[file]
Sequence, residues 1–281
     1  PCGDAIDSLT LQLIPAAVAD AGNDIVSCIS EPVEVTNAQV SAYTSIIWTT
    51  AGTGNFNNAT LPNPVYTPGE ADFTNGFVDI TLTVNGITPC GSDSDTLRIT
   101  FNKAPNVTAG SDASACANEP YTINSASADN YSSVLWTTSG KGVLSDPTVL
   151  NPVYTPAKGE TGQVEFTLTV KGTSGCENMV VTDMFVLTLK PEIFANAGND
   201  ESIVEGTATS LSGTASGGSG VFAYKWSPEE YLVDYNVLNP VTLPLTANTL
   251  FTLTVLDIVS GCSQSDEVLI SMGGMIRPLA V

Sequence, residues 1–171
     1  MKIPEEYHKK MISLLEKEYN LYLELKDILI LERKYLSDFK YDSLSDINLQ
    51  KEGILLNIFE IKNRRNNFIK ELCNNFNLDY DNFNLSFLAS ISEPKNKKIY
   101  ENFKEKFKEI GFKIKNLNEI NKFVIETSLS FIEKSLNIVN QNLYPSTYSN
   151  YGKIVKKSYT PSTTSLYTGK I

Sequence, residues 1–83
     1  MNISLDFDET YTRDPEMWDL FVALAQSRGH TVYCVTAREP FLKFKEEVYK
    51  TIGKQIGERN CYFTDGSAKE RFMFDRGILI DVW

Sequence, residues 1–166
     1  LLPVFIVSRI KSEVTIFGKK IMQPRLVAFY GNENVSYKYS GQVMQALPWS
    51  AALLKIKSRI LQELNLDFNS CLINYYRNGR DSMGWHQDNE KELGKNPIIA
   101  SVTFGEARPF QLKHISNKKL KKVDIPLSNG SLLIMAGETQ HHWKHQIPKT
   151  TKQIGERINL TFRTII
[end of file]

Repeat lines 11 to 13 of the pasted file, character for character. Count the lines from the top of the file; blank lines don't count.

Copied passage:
   101  ENFKEKFKEI GFKIKNLNEI NKFVIETSLS FIEKSLNIVN QNLYPSTYSN
   151  YGKIVKKSYT PSTTSLYTGK I

Sequence, residues 1–83